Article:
Motivated Mitch Eadie out to stake his claim for a place in Pat Lam's plans at Bristol Bears

By John Evely

There is a reason Pat Lam has put getting more Bristolians into the team at the centre of his long-term vision for Bristol Bears.

Speaking to lifelong Bristol fan Mitch Eadie, who moved from the terraces at the Memorial Stadium to pull on the blue and white hoops, you quickly understand how much the club means to him.

“You are not just playing for you, you are playing for the fans as well,” backrower Eadie explained.

“You are playing for the 10-year-old kid down Kingswood Rugby Club, the local side where I began 20 years back.

“I am trying to use that as motivation because the club means a lot to me.”

In many ways, Eadie was the poster boy for Bristol Rugby when he left in 2017/18 for Northampton Saints as the club were relegated into the Championship once again.

Having come through the academy to make 130 appearances between 2010 and 2017 the powerful forward was twice named the players’ player of the season at Bristol.

But during his three-year stint at Franklin’s Gardens, the club underwent a dramatic transformation, not just with a rebranding to the Bears, but to the very core of the club’s philosophy and essence.

Gone were the days of being underdogs and plucky losers, operating out of the clubhouse at National League Two South side Clifton RFC. Bristol Bears became a club with a culture for excellence, with world-class players at the top of their game like Charles Piutau and Semi Radradra, all newly homed in an £11.5m world-class training facility to match their lofty ambitions.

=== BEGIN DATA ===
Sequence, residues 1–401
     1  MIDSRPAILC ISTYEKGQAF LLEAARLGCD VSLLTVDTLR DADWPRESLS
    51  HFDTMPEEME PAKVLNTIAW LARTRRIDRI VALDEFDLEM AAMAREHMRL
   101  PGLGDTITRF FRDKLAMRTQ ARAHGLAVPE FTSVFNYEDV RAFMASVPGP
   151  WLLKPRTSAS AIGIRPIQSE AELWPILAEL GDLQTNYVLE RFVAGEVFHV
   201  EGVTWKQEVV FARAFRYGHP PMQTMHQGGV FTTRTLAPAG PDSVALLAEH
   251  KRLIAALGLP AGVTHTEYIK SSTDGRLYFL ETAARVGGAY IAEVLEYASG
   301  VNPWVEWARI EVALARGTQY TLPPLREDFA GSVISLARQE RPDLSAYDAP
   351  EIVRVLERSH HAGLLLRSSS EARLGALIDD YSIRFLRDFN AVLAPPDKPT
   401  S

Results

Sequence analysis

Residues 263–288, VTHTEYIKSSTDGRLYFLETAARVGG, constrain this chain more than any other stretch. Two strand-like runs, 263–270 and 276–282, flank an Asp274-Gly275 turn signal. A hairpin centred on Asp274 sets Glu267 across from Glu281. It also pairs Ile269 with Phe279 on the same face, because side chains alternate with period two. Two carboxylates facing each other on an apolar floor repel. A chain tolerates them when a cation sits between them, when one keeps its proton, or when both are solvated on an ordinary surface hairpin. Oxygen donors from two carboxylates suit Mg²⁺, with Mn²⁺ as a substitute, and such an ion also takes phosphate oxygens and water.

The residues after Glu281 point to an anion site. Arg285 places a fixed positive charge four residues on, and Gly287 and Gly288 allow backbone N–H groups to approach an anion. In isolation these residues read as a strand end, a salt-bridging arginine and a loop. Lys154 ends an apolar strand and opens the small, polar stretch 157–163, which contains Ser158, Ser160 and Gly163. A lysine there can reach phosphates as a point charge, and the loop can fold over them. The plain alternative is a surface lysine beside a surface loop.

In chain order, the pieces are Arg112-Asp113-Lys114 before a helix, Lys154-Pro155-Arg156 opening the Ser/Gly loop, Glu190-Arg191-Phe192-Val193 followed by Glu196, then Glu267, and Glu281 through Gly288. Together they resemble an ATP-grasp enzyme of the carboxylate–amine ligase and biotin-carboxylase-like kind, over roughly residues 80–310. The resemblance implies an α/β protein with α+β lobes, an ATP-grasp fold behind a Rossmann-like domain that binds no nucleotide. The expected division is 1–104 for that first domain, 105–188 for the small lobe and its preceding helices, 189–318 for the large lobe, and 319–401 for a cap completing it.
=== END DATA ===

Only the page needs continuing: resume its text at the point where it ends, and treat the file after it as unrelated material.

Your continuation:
Eadie admits, even with a warning from friends, when he returned to the West Country the change was startling.

He said: “I had heard from Joyecy [Bristolian second-row Joe Joyce] and a couple of the other boys that the environment had changed but I came back and it was like chalk and cheese.

"It was like a completely different vibe. The club has just moved on leaps and bounds.

“It is amazing to see how far the club has come.

“Growing up watching Bristol Shoguns, then Bristol Rugby, now the Bristol Bears, the transformation has been amazing.

“From a fan’s point of view, even when I was at Northampton I always followed Bristol - the club means a lot to me and I am going to try and put that onto the pitch and use it as motivation this season.”

For Eadie, now 29, pre-season this summer represents a fresh start, having missed out on selection for large swathes of the 2020/21 season, making just one start in Bristol’s 34-34 draw away at London Irish.

Unfortunately that day the forward’s yellow card at the Brentford Community Stadium contributed to the Exiles overcoming a 25-point deficit to snatch a draw.

A delightfully honest Eadie said: “It didn’t go the greatest for me last year but I knew it was going to be difficult getting into a squad with Dan Thomas, Steven Lauauta and Nathan Hughes in the backrow - that is pure class.

“And on the back of that, you have got people like Jake Heenan and Fitz Harding coming through.